KATRINA CROSBY WRITES – An hour and thirty minutes. About the length of a movie was all it took to turn Taiwanese animal shelters and how people view them upside down – and to usher in new legislation giving animals unprecedented rights.
On February 3, Taiwan enacted a law making it illegal to euthanize animals left at shelters. Instead, the legislation encourages owners to spay and neuter their pets — thereby lowering the number of animals in need of shelter – and encourages greater public adoption of those without forever homes.
It’s great news for cats and (especially) dogs, but how things got to this point is a sad, cinematic tale.
On an ordinary Friday in 2013, crowds gathered at the Golden Horse Film Festival in Taipei to watch the newly premiered documentary Twelve Nights, a story of dogs forced into cages, mistreated, and ultimately killed in one of Taiwan’s many animal shelters.
While documentaries rarely lead to such immediate public action, Twelve Nights struck a nerve. It just took another four years — and a catalyst in the form of veterinarian Chien Chih-cheng — to usher in change.
Chien Chih-cheng was more than just a veterinarian working out of Taipei. It was noted that Chien, “often worked overtime, rarely took a proper lunch break, and sacrificed her holidays to give the dogs more attention and make their lives better.”
But like many other veterinarians in Taiwan, Chien also euthanized countless animals, a grim responsibility for the shelter staff. She rationalized that in killing them she was giving them a better end than they would eventually meet on the street.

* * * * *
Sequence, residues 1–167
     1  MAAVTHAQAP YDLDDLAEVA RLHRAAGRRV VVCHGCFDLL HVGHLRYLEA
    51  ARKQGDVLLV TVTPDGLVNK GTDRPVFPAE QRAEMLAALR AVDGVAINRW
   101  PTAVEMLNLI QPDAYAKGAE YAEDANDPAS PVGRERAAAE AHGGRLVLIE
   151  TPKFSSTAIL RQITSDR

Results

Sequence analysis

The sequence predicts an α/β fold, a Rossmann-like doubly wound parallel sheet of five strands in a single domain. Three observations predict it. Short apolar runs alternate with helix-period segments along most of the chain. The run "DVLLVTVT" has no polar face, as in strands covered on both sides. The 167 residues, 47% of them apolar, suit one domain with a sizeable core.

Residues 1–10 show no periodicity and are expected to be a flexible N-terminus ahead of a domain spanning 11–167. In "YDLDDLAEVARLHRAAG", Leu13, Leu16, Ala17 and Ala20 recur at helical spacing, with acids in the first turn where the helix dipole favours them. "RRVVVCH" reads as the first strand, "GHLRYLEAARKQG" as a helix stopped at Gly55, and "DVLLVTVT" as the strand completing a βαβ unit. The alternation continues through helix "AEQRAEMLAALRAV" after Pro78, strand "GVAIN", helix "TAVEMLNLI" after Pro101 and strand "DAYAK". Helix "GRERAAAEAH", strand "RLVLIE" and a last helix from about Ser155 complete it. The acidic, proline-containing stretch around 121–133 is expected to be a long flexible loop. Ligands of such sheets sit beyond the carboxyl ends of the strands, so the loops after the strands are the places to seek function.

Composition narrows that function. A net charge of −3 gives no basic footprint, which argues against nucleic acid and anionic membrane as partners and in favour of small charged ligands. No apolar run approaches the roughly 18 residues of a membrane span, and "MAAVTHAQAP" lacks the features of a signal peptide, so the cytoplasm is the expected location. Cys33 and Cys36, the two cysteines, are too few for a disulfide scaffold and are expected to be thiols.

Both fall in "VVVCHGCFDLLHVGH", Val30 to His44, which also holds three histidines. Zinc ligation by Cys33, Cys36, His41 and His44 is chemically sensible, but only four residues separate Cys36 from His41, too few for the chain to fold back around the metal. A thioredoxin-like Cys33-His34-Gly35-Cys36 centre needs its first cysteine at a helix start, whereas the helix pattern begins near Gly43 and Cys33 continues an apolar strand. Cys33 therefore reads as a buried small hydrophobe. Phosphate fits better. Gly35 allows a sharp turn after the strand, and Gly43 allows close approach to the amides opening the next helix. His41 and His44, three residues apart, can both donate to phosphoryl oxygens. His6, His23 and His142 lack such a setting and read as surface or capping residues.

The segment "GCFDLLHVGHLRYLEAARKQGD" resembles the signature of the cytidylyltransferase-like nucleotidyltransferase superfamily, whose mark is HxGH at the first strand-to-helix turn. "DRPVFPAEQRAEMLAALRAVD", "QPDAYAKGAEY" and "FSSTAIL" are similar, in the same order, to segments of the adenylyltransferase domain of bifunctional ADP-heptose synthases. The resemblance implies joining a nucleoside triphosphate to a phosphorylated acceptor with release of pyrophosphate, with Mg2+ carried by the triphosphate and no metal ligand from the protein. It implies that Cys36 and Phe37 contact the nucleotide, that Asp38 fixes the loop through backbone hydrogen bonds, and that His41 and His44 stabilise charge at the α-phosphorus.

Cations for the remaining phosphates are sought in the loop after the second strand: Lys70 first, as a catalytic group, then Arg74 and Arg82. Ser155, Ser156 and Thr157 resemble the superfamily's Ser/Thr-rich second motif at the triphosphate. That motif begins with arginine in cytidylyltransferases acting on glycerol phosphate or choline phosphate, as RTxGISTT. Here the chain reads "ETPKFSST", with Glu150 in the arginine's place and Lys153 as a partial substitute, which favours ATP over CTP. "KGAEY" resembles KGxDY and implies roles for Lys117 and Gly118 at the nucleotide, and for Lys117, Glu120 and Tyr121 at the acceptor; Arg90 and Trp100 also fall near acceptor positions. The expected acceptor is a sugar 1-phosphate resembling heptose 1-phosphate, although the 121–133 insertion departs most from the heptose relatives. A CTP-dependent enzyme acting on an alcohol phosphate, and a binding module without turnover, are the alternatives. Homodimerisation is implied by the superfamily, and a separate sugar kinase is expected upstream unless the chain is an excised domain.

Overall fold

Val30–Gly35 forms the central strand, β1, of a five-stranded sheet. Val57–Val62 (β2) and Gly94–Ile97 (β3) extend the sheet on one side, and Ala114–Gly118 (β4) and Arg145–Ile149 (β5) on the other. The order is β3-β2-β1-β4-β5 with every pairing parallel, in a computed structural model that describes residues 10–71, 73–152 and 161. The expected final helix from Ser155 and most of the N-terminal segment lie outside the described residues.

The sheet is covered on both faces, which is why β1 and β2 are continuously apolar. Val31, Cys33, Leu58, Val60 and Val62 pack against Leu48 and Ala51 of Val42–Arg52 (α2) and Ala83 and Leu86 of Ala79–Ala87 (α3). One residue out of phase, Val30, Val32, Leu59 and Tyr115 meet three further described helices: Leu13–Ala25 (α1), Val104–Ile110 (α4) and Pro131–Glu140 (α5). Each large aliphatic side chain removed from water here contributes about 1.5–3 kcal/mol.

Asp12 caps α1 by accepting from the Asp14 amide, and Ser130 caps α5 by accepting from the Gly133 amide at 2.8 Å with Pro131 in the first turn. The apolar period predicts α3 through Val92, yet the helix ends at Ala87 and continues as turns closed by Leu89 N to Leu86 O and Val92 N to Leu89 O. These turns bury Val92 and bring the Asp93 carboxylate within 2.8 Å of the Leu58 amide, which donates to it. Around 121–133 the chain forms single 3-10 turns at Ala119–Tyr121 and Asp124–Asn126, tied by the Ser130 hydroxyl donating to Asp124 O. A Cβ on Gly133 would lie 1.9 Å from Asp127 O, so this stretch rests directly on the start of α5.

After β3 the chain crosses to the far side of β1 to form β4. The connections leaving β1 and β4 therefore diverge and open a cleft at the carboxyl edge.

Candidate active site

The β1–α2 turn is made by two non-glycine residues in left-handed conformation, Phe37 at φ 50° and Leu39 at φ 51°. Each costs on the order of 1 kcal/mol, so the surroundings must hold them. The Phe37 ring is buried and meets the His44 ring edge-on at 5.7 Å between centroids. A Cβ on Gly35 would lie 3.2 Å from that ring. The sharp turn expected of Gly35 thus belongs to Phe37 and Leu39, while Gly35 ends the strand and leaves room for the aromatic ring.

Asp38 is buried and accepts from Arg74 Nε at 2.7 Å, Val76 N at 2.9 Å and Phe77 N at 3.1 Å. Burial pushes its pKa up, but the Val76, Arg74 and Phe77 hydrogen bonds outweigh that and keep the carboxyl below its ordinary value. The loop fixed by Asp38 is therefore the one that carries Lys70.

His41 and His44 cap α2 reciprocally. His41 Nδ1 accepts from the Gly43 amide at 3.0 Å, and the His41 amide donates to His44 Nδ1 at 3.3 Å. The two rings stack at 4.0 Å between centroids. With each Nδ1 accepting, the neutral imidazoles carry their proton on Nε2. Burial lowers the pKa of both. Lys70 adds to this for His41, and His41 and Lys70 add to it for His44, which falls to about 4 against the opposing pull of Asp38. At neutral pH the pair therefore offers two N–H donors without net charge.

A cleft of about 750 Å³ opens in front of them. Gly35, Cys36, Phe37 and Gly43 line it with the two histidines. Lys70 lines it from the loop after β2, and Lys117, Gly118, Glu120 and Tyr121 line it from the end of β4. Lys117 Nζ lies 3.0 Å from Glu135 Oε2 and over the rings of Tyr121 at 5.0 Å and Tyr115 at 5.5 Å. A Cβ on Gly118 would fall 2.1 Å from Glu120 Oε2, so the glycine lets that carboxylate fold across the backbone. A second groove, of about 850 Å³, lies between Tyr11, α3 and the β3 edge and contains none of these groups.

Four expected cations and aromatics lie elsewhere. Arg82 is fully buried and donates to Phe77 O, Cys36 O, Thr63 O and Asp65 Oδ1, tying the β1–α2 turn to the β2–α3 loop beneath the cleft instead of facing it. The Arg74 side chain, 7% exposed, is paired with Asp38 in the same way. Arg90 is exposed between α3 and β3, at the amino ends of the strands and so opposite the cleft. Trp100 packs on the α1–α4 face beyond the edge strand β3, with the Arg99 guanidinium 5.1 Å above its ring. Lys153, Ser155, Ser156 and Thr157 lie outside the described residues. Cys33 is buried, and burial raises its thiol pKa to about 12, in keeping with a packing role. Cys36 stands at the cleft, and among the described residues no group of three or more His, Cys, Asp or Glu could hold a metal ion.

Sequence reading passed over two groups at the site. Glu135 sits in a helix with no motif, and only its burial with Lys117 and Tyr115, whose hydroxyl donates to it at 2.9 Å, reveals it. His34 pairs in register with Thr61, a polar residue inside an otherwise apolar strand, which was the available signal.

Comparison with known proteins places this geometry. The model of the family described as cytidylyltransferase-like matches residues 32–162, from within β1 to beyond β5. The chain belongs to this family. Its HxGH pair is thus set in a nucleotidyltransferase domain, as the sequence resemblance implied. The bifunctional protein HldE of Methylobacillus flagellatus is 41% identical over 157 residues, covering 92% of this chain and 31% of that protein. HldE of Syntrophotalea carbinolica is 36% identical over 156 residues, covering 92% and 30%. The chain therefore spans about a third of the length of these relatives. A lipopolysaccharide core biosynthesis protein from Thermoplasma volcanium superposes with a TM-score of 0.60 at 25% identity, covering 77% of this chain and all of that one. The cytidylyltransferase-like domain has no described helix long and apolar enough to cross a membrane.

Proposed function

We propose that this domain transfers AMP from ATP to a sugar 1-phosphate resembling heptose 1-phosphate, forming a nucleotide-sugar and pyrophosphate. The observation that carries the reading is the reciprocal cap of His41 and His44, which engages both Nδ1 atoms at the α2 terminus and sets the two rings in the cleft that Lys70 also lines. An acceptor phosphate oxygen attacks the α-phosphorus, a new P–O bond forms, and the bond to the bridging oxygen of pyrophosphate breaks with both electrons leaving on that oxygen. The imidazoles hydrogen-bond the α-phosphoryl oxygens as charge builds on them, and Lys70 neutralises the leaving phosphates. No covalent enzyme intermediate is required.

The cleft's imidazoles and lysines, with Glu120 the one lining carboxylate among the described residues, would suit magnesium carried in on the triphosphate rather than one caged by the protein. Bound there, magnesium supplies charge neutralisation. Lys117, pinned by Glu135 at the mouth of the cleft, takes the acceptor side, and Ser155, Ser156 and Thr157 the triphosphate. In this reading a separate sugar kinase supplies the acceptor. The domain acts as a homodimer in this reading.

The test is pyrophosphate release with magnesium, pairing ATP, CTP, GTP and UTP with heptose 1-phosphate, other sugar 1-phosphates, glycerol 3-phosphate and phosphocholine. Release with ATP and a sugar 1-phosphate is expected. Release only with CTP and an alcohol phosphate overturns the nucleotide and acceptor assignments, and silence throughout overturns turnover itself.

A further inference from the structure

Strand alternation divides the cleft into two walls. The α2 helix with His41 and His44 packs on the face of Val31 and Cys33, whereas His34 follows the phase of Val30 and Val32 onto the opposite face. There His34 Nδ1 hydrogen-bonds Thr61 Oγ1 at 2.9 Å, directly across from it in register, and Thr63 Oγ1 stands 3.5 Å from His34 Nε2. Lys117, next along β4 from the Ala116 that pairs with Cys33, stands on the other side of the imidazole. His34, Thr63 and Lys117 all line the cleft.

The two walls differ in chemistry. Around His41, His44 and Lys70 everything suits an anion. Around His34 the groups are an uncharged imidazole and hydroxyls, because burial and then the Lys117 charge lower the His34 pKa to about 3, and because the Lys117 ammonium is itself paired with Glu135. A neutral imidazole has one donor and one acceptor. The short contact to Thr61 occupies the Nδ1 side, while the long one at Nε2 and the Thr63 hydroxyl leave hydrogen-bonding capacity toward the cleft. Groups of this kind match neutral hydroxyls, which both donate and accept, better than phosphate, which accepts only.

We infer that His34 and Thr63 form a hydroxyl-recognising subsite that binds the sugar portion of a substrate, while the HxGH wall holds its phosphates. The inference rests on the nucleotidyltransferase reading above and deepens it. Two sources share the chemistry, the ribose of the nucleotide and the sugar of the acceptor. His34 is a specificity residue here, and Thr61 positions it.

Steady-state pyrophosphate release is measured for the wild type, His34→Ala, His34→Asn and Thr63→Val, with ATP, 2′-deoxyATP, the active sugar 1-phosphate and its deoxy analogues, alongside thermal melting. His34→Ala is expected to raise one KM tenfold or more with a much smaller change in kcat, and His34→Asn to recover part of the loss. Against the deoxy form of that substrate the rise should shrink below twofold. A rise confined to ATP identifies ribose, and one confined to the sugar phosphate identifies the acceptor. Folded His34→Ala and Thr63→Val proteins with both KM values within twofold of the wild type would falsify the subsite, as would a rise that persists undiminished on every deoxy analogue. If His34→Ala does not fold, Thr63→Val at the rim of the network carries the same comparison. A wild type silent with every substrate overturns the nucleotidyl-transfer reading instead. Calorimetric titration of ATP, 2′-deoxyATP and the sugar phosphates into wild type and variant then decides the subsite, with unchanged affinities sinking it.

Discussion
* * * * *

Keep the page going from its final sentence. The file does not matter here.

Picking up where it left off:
At only 31, Chien managed to become director of Xinwu Animal Protection and Education Center, the animal shelter where she had worked since 2010.
In early 2016, less than a year after her promotion, it was reported locally that Chien had euthanized more than 700 shelter animals over the course of two years. Already primed to the topic by Twelve Nights, people all over the internet quickly nicknamed her the “beautiful slaughterer” and “butcher.”
As the shelter’s director, Chien (whose name, in an ultimate irony, translates to ‘dog’ in French) took the brunt public complaints and criticisms. Chien was reportedly devastated by being called a butcher of the animals for whom she cared so deeply and had regularly sought good homes.
On May 5, 2016, overwhelmed and depressed, Chien took her own life, through an injection of the same euthanasia drugs she had used on her wards. She passed on May 12, leading to an onslaught of public grief, guilt and self-reflection.
In a note she left behind, Chien wrote, “I hope my departure will let all of you know stray animals are also life. I hope the government knows the importance of controlling the source [of the problem].” With this public call to attention, policy has finally begun to change.
The law passed last month introduces a new fee to any person who wants to abandon their pet, as well as increasing the number of inspectors that monitor shelter conditions.
The legislation is not perfect, but is a start. And that’s important, given that the number of euthanized animals in Taiwan has risen to 1.2 million since 1999.
It has been a long fight for the humane treatment of animals in Taiwan and the country will still face a problem with its high number of strays. However, this is the dawning of a new age. To quote Twelve Nights, “Once death was so imminent. Yet, it all feels like a dream now.”